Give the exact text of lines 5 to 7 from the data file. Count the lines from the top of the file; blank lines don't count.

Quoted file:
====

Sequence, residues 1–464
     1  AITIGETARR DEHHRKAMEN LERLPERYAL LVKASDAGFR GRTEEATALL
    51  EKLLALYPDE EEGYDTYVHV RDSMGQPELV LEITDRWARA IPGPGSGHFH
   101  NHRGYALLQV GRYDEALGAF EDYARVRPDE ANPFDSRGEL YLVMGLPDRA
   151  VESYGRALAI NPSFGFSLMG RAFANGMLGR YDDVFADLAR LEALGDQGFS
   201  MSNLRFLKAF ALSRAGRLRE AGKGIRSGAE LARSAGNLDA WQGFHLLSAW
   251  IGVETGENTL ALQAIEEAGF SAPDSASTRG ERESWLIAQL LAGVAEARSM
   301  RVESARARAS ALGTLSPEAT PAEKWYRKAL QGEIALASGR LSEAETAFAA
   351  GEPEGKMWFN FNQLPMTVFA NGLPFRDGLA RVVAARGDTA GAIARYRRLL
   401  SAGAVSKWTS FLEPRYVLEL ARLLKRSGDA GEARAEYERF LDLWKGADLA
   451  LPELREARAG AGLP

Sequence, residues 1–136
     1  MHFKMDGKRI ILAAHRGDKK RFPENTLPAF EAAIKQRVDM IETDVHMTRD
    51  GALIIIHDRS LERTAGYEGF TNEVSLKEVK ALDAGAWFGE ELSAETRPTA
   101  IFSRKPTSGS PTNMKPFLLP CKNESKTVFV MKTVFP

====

   151  VESYGRALAI NPSFGFSLMG RAFANGMLGR YDDVFADLAR LEALGDQGFS
   201  MSNLRFLKAF ALSRAGRLRE AGKGIRSGAE LARSAGNLDA WQGFHLLSAW
   251  IGVETGENTL ALQAIEEAGF SAPDSASTRG ERESWLIAQL LAGVAEARSM